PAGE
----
We will continue to upgrade customers into the premium cabins, in which there may be scenarios where every seat is occupied. However, we’ve seen instances where our customers decline the upgrade and choose to remain in the economy cabin for purposes of social distancing. Or, due in part to low load factors, only a few customers receive upgrades and we’re able to ensure their adjacent seats remain unoccupied in part because we’ve put the earlier restrictions in place.
We don’t guarantee that a customer will have an empty adjacent seat; that’s not part of our message.
Just to recap:
- Oh great, United is letting us social distance during the booking process; I’m so happy that I don’t have to invite my seatmate over for dinner a week before the flight, but rather that I’ll just have to sit next to them on the plane
- United’s first class social distancing relies on people turning down upgrades voluntarily
Was my interpretation that crazy?
The United spokesperson then tells me that:
We can disagree on the level of detail and/or clarity that’s currently on our United Hub page, but from a purely objective standpoint what you wrote is not accurate and I’m asking that you address it.
I’d like to open this up to you guys, as I trust you all to be “objective.” I’ll update my post to reflect United’s (in my opinion misleading) press release, but how did you interpret it? Based on what was published by United, did you assume:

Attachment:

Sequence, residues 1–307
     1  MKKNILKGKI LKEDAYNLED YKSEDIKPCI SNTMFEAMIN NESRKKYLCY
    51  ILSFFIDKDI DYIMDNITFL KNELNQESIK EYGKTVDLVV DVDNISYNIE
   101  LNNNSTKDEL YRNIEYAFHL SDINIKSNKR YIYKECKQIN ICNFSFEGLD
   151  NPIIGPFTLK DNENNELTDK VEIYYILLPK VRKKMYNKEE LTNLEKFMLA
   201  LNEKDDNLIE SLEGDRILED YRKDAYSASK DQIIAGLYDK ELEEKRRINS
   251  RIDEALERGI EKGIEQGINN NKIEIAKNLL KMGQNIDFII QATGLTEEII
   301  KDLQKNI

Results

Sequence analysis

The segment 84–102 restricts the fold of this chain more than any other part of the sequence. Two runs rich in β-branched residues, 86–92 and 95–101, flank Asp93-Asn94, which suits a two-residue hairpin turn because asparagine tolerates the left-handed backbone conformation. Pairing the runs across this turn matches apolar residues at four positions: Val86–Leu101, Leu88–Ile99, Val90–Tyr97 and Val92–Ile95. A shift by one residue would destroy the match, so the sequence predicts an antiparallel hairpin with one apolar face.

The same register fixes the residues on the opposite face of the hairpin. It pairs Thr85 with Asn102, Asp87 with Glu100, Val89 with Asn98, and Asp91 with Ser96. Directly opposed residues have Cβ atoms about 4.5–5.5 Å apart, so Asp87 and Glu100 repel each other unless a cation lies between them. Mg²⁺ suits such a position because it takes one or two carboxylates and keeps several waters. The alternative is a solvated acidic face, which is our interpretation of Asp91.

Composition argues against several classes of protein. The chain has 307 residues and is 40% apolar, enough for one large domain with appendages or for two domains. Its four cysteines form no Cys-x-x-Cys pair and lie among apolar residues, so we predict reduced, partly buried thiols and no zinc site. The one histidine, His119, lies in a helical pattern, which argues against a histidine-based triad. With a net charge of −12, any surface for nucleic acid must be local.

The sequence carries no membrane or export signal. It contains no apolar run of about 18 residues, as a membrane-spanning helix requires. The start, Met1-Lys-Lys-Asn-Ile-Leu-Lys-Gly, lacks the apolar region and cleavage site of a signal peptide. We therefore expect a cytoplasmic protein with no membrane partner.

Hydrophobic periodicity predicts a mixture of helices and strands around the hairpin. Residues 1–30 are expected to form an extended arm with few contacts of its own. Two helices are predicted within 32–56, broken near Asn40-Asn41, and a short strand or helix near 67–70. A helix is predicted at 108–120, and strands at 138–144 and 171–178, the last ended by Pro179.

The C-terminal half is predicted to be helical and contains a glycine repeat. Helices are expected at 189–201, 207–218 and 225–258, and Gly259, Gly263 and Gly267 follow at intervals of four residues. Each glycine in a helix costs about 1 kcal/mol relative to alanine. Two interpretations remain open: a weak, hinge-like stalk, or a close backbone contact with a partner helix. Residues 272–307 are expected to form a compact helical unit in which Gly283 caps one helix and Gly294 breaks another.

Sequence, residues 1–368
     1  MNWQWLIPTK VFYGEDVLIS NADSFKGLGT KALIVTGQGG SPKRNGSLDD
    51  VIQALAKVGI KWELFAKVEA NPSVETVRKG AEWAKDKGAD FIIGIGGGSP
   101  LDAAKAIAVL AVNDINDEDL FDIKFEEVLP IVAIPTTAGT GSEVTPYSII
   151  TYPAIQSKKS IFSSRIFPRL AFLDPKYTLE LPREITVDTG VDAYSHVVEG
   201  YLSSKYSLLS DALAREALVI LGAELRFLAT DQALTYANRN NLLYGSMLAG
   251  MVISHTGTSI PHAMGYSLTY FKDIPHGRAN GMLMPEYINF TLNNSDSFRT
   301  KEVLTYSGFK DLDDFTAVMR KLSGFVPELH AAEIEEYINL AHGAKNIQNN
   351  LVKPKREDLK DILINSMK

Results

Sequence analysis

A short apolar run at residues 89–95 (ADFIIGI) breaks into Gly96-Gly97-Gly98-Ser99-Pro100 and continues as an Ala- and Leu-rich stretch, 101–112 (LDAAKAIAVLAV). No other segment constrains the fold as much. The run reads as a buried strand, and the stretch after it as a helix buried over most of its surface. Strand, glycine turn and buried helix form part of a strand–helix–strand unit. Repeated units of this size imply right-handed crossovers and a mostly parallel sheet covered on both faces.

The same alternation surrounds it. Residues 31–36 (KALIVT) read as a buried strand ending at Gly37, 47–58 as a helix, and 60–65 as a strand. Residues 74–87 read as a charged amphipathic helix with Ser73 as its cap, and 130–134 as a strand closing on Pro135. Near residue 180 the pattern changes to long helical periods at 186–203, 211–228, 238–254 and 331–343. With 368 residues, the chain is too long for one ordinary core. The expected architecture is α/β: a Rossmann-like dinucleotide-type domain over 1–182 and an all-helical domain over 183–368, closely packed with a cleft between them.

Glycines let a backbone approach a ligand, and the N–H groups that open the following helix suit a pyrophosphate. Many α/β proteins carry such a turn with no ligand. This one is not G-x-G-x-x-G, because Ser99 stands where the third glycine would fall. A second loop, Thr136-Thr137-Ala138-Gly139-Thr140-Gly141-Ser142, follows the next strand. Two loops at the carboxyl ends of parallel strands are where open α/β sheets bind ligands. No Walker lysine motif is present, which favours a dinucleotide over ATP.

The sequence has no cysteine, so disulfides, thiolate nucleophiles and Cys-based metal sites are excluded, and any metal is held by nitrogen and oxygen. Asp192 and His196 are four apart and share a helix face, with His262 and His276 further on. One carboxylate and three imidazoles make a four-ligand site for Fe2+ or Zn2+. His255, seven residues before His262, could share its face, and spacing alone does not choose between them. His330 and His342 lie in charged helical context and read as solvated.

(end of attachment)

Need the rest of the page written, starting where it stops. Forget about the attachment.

- They’re only letting people not assign seats in advance, but they’ll sell every seat on the plane and potentially have zero social distancing
- They’re actually blocking seats and reducing capacity, as we’ve seen from so many other airlines
And while I’m on this topic, I have to be honest — while United has some great employees (and at least a couple of good people working in communications), I’ve overwhelmingly found United’s communications people to be among the rudest when it comes to communicating:
- Most airlines would say something along the lines of “hey, I totally get how you interpreted something X way, because that is confusing, but that’s not what was intended, and I’d appreciate if you could fix it”
- In the case of United, I find their “correction” messages to pretty consistently make it seems like I’m completely nuts for logically interpreting their press releases and/or sharing editorial (the latter has been an issue in past communications with them)
I tend to think you catch more flies with honey than vinegar, but that’s just me.
United Airlines is helping passengers social distance by not actually doing anything, really. They’re blocking seat assignments in advance so that you can’t select seats next to someone, but that’s all they’re doing. They’ll sell a flight to capacity, and it could be that every seat will be occupied.
Their social distancing and pretty seatmap relies on people volunteering to turn down first class upgrades, and on a lack of demand.
In many ways they’re actually hurting those who are traveling with others and want to avoid sitting near strangers. All aisle and window seats will be assigned first, leaving many people traveling together on a full flight seated between two strangers…